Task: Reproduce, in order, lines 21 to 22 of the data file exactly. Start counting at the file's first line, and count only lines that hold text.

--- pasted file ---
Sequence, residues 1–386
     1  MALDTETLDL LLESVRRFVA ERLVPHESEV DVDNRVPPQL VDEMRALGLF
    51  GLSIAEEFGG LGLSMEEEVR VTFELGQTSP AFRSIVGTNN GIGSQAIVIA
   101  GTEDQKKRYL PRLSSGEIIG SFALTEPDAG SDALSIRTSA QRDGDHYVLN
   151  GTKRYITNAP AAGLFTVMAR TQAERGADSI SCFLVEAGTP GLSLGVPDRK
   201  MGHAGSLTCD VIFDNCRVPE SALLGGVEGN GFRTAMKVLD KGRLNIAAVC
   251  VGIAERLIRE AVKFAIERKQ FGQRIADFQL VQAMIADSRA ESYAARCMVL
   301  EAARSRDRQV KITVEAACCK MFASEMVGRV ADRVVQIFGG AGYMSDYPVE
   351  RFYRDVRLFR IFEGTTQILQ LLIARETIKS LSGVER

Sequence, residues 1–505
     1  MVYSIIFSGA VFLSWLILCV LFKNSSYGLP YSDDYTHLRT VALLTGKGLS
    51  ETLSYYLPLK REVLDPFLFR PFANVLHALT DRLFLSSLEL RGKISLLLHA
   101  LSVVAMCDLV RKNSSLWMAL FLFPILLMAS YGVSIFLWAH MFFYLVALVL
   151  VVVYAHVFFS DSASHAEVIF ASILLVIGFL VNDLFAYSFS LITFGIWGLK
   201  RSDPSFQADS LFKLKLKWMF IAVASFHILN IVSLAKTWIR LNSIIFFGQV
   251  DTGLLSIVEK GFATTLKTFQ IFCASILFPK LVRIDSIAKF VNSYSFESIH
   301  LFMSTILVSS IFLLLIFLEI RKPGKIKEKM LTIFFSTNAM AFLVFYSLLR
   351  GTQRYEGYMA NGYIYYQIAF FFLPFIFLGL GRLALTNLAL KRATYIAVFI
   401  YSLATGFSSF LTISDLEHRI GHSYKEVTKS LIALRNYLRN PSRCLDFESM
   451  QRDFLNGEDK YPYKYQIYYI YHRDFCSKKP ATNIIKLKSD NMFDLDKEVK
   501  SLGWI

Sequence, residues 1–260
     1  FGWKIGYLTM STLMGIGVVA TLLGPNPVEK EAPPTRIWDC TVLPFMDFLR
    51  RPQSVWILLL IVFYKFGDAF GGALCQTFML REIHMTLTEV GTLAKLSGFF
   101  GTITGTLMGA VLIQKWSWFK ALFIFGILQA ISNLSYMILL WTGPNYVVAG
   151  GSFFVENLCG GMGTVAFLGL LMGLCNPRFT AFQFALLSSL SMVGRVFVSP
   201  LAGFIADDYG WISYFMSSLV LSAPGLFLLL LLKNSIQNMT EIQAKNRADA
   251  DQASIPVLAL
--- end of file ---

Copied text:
   501  SLGWI

Sequence, residues 1–260